It’s been 5 years since The Lego Movie premiered to pleasantly surprised audiences. Before its positive reception, everything about the movie from its product-placement-premise to it’s shockingly uncreative name seemed to spell Super Mario Bros level disaster. It seemed impossible that a toy-branded big-budget movie could be charming, funny, original, and genuinely heart-felt, but just like Pirates of the Caribbean proved years earlier, a cheesy premise doesn’t always result in a unpleasantly cheesy movie. The first Lego Movie’s success was followed by a string of similarly branded but disappointingly soulless films, starting with Trolls and hopefully (but definitely not) ending with the upcoming UglyDolls. The first Lego Movie still stands alone as a fantastic example of how heavily branded content can go right. Going into The Lego Movie 2: The Second Part, it seems that the biggest hurdle to clear is topping the charm and wit of its predecessor, but this time without the advantage of low expectations.
The Lego Movie 2 picks up right after the end of the first movie, when the heroes were introduced to an invading force of toddler toys that represented their human counterpart being forced to let his little sister play with him. After that alien-invasion-esque first encounter, the plot jumps forward a number of years to a future of desolation and terror. The formerly happy and joyous Bricksberg is now a Mad Max style hell-scape, complete with sandy wastelands and lots of brooding. The action picks up when all the main characters but Emmet are kidnapped by a mysterious figure from the Sis-Star System and taken back to her home planet for unknown purposes (a.k.a., stolen by the little sister and taken to her room).
While the real-world story of the first Lego Movie centered around a Cats-in-the-Cradle-esque father/son relationship, The Lego Movie 2 focuses on the relationship between siblings as one of them grows old enough to want to put “childish” things behind him, and the other still strives to create a friendly brother/sister bond. The older brother’s resentment towards his little sister and his desire to be “grown up” and “cool” are represented by Rex, a badass and stubble-adored mystery man who shows up to help Emmet save his friends. Emmet’s optimistic disposition is the perfect foil to Rex’s hyper-masculine bravado and lone-wolf temperament. Just like his real-world counterpart, Emmet is tempted into rash decisions and violent solutions by the promise of being seen as more adult and macho. Rex represents the urge to push down affection and empathy towards a sibling in favor of maintaining a reputation, something that many older siblings can relate to.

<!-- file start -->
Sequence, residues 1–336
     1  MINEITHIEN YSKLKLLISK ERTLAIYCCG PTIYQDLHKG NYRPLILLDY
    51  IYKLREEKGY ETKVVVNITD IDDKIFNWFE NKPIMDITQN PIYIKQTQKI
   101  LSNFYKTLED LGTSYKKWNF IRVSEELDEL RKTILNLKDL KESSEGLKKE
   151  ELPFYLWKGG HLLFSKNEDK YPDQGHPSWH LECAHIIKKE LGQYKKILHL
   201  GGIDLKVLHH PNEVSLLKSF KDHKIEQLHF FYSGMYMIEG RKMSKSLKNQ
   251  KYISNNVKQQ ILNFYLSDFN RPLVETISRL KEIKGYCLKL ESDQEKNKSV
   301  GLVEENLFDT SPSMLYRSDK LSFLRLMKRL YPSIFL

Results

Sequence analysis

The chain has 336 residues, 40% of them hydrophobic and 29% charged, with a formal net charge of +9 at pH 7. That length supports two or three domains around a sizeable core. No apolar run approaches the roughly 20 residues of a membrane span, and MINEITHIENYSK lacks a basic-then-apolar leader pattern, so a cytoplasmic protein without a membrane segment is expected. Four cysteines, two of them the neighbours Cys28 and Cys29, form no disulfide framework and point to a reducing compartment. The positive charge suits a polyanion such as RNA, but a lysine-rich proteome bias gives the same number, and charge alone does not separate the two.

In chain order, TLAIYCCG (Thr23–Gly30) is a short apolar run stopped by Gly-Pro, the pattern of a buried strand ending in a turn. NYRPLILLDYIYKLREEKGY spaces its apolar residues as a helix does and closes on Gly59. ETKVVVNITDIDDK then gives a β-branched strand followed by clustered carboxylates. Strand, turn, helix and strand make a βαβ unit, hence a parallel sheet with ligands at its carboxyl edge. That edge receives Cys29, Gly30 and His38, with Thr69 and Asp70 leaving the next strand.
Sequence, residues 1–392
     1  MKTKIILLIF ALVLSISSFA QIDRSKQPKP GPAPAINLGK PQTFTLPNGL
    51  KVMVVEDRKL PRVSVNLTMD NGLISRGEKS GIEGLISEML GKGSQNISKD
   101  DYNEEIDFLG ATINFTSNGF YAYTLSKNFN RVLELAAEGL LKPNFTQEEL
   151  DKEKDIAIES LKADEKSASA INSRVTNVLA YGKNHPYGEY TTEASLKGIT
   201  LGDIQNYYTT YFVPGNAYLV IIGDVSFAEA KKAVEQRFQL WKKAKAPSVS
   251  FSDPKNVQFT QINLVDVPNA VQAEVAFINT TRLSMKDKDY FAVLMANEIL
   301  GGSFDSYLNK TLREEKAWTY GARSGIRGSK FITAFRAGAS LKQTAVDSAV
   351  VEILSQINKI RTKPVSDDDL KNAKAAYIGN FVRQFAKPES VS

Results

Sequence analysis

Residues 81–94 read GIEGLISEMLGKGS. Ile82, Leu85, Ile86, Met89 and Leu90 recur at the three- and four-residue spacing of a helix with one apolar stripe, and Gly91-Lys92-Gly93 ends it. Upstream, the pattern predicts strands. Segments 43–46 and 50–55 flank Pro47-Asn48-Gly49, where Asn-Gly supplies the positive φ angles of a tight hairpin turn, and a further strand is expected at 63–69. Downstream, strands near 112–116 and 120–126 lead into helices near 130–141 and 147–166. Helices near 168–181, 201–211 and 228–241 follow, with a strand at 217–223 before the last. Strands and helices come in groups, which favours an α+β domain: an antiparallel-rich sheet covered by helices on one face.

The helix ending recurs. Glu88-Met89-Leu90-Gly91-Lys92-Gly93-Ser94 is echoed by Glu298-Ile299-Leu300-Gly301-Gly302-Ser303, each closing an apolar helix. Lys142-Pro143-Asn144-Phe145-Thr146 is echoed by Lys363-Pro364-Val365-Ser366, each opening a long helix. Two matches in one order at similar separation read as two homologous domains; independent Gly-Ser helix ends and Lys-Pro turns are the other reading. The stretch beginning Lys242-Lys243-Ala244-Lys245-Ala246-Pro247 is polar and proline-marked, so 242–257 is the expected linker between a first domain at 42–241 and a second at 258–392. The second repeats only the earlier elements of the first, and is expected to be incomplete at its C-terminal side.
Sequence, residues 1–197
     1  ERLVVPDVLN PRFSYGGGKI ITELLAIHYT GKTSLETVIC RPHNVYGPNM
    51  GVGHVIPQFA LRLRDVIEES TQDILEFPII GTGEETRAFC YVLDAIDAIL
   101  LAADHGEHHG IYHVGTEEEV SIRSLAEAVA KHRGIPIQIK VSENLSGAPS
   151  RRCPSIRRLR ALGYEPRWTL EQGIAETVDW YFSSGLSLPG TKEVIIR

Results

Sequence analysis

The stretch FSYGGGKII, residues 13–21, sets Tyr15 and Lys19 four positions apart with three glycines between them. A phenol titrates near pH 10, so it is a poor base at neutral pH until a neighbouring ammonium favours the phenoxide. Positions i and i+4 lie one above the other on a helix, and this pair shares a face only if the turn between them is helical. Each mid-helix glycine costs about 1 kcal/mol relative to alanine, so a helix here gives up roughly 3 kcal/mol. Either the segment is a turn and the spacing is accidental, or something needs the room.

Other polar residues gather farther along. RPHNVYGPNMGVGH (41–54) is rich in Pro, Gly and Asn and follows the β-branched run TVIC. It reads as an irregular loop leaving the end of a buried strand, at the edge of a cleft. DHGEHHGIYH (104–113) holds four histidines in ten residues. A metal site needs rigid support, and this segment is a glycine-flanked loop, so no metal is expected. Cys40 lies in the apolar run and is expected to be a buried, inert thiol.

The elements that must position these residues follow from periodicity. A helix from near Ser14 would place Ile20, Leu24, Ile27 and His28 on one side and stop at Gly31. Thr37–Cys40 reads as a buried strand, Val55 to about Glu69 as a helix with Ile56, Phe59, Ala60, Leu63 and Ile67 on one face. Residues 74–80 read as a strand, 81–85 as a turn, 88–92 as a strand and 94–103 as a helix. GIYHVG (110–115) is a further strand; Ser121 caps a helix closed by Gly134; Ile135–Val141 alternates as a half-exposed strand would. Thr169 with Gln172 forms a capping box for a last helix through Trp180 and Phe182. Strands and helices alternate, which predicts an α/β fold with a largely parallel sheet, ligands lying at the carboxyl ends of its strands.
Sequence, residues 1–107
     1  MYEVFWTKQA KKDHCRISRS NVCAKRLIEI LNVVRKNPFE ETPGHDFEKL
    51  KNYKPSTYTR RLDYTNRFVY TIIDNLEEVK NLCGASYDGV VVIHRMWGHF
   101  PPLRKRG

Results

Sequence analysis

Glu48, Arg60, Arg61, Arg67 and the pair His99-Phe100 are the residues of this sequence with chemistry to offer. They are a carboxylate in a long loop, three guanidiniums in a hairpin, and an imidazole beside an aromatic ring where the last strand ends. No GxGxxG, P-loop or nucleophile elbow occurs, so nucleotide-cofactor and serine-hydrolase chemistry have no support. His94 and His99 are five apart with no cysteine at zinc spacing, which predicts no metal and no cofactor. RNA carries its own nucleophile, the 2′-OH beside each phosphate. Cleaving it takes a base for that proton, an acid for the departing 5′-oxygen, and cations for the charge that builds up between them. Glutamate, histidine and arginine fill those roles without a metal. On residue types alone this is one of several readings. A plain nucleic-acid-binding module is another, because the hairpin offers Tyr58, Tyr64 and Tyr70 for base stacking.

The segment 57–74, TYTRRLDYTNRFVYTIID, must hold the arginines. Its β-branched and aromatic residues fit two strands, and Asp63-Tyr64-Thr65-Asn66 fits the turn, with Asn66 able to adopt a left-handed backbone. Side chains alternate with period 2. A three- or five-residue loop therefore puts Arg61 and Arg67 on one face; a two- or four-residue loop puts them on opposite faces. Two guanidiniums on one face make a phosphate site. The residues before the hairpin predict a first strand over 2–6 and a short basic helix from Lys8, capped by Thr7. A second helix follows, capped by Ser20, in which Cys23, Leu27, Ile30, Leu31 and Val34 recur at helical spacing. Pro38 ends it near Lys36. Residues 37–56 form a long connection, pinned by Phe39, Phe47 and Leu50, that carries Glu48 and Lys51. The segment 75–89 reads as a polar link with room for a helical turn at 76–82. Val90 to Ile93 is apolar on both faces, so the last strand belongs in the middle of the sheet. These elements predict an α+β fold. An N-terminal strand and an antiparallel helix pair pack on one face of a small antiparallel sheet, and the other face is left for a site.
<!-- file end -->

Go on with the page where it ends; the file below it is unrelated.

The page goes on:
While The Lego Movie 2 does handle its sentimental theme perfectly, it falls just short of recreating the joy and whimsy of the first movie. This could be due in part to the expectations that the audience inevitably has when they walk into the sequel to a movie that surprised and overjoyed them. It’s also probably due to the fact that the worlds that were explored in the first movie are no longer as novel, and the Playmobil aesthetic of the Sis-Star System doesn’t exactly heighten things enough.
But mostly, it’s due to the irritating inclusion of a series of musical numbers. During these repetitive and underwhelming songs, The Lego Movie 2 reminds you of the fact that it’s still a kids movie, and oftentimes kids movies include parts that exist solely to trick younger viewers into begging for whatever monetary element they’re pushing. There’s little doubt that right now, around the country and perhaps the world, many parents are driving their kids to and from school while slowing being driven crazy by Catchy Song (This song is gonna get stuck inside your head), which was written to be as annoying and catchy as possible by Jon Lajoie of The League fame. Surprisingly, while effectively annoying, Catchy Song is actually the only redeeming song of the movie due to its cheeky nature. But the other songs, while entertaining at first, end up dragging on and making you wonder why on earth the studio opted to include these shaky-at-best and boring-at-worst musical elements.
But even though The Lego Movie 2 doesn’t quite measure up to The Lego Movie in terms of execution, it’s still extremely funny, charming, and poignant. The cheesy musical numbers don’t negate what is still a fun and unique premise, even if its a premise that’s no longer as fresh as it once was. The Lego Movie 2 builds the first movie’s world out into a more lively and complex universe, and even though it does hit a few bumps in the road, the resulting movie is still a blast to behold.